Do you mind sharing what your “not lowered” CRP was when you were symptom free? I ask because we just got CRPs done and are trying to interpret them. I’m a little confused about what an optimal number is. Is the goal 0? Is that even realistic? Do healthy people have zero inflammation?

    In a recent post about inflammation Mark Sisson said:
    ““Normal” CRP levels are supposedly 10 mg/L. Absent infection or acute stressors, however, ideal CRP levels are well under 1 mg/L. You want to stay well below 1; you don’t want “normal.” Between 10-40 mg/L (and perhaps even 1-9 mg/L, too) indicates systemic inflammation (or pregnancy), while anything above that is associated with real acute stuff.”

    My lab’s reference range is 0-4.9 mg/L, so I’m confused by Mark’s statement about 10 mg/L being supposedly normal.

    DH’s was 1.0 after he’d been symptomless for 2 weeks, though symptoms had been decreasing for a while. Safe to take that number as a probable sign of little bowel inflammation? In comparison, mine was 0.4 and I have no known inflammatory disease. But for all I know, maybe 0.4 is bad.

    Part of the reason I ask is because DH needs to schedule a flex-sig to convince the doc that the remission is not just symptomatic. Doc is sure that DH can’t “cure” his UC with diet and is betting that the flex-sig will expose a flaming colon. We’re using CRP as a guide for when to schedule the test. Wondering if a 1.0 is our green light… Don’t want to go in prematurely and give the doc ammo to push the meds again!

    Paul, Joan, anyone… thoughts on interpreting this CRP?

  24. Hi Bella

    I would say that if the CRP is within your lab’s reference range all is ok and especially at the lower end as your husband’s is at 1.0 mg/L.

    I would be ecstatic if mine was that low. My lab’s reference range is 0 – 7 mg/L. My CRP before starting LDN with flaring Crohn’s was 51 mg/L. Last September when I was virtually symptomless it was 33 mg/L. I guess that’s an improvement but certainly a long way to go!!

    Kind Regards
    Joan

  25. Hi Bella,

    0.4 and 1 are fine for CRP. You can have problems and low CRP at the same time, but your CRPs are certainly not indicating that you have problems.

    There’s also two types of tests:

    CRP: http://labtestsonline.org/understanding/analytes/crp/tab/faq
    hs-CRP: http://labtestsonline.org/understanding/analytes/hscrp/tab/test

  26. Joan,

    Could be that your Crohn’s hasn’t completely resolved yet because there are damaged tissues along your GI tract that still need to heal. I hope you continue to give updates on your progress. Seems like re-colonizing the gut with healthy microbes and then staying on a nutrient rich diet so that your tissues can rebuild and repair as Weston A. Price put it, is a good strategy.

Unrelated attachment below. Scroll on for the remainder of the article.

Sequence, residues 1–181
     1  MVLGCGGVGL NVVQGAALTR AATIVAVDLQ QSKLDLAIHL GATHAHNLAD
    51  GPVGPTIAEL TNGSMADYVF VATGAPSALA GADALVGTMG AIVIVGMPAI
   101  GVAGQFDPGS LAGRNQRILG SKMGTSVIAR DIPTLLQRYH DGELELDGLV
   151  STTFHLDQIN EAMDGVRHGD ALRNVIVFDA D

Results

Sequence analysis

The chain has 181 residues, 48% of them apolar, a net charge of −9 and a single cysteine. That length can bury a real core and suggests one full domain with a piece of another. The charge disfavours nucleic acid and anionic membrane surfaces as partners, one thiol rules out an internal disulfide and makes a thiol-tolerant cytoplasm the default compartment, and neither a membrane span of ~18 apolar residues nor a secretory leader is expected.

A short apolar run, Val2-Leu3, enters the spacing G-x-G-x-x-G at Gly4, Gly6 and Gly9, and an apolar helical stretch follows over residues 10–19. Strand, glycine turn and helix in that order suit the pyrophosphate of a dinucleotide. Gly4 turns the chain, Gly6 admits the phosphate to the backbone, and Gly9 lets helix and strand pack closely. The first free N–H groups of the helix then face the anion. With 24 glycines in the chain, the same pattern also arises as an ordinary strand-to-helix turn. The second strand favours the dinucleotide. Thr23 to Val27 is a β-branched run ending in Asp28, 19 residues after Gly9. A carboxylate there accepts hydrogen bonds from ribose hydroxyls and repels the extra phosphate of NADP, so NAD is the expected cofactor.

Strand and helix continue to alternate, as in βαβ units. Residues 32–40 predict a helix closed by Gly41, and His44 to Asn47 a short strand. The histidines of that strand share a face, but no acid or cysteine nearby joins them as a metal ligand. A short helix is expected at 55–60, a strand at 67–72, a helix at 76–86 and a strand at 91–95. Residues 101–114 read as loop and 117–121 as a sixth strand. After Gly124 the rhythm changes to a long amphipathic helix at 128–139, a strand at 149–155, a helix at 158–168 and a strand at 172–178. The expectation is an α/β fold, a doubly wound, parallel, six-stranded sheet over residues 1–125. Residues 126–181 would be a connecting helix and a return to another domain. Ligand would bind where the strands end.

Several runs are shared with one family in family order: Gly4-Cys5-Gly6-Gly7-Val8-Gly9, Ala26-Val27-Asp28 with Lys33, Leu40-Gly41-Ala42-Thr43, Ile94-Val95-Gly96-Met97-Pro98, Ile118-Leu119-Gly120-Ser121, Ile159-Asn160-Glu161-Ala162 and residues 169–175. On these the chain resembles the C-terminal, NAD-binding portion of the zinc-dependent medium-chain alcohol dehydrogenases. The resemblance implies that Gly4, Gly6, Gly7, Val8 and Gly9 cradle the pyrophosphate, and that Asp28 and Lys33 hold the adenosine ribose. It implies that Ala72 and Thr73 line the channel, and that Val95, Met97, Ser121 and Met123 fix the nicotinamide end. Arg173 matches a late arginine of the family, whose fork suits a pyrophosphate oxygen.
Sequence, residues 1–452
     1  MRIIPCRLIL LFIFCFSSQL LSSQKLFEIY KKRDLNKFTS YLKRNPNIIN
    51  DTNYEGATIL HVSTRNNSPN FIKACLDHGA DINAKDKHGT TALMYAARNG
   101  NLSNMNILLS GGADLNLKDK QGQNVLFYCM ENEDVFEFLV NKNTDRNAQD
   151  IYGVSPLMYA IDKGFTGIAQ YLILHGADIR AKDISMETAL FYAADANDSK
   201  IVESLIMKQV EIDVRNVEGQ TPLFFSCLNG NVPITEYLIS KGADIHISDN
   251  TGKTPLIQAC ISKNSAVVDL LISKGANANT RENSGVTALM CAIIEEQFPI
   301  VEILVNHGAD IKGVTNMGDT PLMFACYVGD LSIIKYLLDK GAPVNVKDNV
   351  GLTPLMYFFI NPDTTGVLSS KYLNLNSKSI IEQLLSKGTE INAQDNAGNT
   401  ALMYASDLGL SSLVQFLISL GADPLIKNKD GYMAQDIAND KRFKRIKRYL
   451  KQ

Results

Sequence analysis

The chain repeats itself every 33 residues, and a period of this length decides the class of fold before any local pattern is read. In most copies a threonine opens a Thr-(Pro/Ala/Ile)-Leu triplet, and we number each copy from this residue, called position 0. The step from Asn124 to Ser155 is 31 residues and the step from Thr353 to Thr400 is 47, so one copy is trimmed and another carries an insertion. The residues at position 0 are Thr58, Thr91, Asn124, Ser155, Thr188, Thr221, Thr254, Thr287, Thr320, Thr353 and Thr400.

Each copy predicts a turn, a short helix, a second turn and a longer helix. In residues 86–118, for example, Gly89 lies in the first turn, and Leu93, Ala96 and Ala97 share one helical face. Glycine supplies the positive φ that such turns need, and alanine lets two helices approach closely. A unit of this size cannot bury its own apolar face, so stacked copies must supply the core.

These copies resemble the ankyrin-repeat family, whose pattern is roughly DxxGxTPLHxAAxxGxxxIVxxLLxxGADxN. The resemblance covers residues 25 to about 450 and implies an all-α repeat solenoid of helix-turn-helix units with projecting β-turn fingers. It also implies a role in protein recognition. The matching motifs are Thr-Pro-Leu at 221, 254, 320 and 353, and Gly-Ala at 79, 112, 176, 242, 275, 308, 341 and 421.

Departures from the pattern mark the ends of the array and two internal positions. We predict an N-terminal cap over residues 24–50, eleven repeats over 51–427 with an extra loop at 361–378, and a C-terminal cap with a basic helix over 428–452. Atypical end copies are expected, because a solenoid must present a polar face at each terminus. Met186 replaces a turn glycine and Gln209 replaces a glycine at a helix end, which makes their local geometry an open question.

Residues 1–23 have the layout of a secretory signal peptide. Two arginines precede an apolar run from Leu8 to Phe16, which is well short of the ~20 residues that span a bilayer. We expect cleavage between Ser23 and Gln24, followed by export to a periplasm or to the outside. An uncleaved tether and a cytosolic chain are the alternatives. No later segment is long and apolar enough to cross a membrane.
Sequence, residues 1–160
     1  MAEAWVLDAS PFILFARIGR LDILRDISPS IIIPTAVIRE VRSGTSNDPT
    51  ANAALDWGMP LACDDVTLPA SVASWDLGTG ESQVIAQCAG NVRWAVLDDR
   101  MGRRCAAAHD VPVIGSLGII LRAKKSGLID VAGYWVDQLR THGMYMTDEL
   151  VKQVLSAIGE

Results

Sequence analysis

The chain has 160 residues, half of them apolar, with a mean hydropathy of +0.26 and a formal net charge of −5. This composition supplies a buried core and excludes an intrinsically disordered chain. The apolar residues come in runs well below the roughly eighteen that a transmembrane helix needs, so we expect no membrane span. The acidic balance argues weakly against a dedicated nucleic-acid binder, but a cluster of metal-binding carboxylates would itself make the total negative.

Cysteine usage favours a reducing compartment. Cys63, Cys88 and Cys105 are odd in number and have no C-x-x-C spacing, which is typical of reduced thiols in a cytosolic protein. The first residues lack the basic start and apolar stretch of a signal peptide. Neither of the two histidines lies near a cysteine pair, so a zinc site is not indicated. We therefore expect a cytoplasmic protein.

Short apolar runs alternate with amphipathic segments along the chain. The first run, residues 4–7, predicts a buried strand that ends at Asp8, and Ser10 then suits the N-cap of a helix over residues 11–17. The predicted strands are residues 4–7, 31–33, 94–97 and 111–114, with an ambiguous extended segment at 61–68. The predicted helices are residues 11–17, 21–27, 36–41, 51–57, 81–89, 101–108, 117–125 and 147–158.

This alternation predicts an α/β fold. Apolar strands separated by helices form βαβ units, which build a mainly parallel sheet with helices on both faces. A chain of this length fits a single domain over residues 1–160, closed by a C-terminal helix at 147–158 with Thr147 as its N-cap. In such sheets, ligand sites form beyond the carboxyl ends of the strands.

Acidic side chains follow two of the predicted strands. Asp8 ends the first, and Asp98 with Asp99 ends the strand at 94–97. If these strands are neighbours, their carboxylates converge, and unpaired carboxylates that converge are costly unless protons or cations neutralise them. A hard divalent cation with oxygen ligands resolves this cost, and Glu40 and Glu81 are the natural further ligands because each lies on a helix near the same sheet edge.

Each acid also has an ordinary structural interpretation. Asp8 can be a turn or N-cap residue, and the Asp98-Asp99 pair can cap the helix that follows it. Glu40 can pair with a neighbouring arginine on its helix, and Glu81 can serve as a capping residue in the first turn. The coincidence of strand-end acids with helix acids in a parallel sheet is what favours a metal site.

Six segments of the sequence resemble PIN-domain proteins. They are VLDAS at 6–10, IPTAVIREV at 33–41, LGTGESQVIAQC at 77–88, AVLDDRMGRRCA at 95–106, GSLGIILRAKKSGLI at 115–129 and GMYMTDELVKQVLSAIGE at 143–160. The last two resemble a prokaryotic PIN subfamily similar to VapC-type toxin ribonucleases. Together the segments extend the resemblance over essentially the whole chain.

My daughter is healing from rheumatoid arthritis with a WAPF diet and has regained normal function after a year. She still has clicking in some joints so I’m intrigued by fecal transplants and whether they have been used for RA. Paul, do you know of any reports?

    I’m guessing that my daughter’s issue is more adrenal burn-out (she was a 3 season endurance athlete all thru high school) rather than gut dysbiosis, so I’m not sure she would be a good candidate for effective healing via fecal transplant.

  27. Paul,

    I’ve been living the PHD for around a year now. The intermittent carb/protein restricted fasting with coconut oil in particular has worked well for me. In fact, I generally feel best when fasted for 16+ hours.

    However, I still have ongoing issues with mental clarity (executive function waxes/wanes) and sleep productivity (I sometimes wake early, or simply do not sleep well). I believe these issues are related to gut dysbiosis. I’ve tried GAPS and bone broth soups, fermented cabbage mixes, and high meats, all which help but none of which are completely curative.

    At this point, I’m thinking I need to see a GI doctor to see if perhaps I can lick this thing once and for all. Any suggestions on how I might locate a good GI doc in So FL?

  28. Hi Charlotte,

    I’m not aware of evidence about fecal transplants helping RA. It stands to reason that they might in some cases, but it’s not a common procedure.

    Hi Steve,

    I do think a GI doc is a good idea, but I’m afraid I don’t know how to find good doctors. I think a stool test like the Metametrix microbial ecology test is a good start. It’s more important that the doctor be cooperative and willing to work with you on an experimental basis than that he be a great/brilliant doctor. Every case is different so the doctor needs to be flexible and willing to explore.

  29. Hi Paul

    I haven’t posted for a while but continue to be an avid reader of your blog. I thought an update was due.

    Quick background: Crohn’s for 16.5 years. Steroids for most of that time as other Crohn’s meds ineffective. Got off steroids in Oct 2011 after 14 months on an almost zero carb diet. Glucose deficiency symptoms led me to your site. Added in safe starches in November and started to implement PHD with recommended supplements. Did a home fecal transplant in December.

    I’ve particularly concentrated on raising my Vit D levels (supplementation) and optimising thyroid function (selenium and iodine and increasing thyroid hormone). Both are now in the normal range.

    All these things improved my general sense of well-being and energy levels but the Crohn’s was still a problem.

    I did a Metametrix GI Effects Stool test in March hoping to find something significant. The results were disappointingly good: no pathogens; commensal bacteria were all present (a result of fecal transplant??). I did have high inflammation and red blood cells present, indicating active Crohn’s.

    During this time, since coming off steroids, I was able to observe the nature of the Crohn’s without the confusion of medications. My observations convinced me that it was an infection and research indicates mycobacterium avium paratuberculosis (MAP) is the most likely pathogen. High E.Coli counts in my stool test seem to confim this.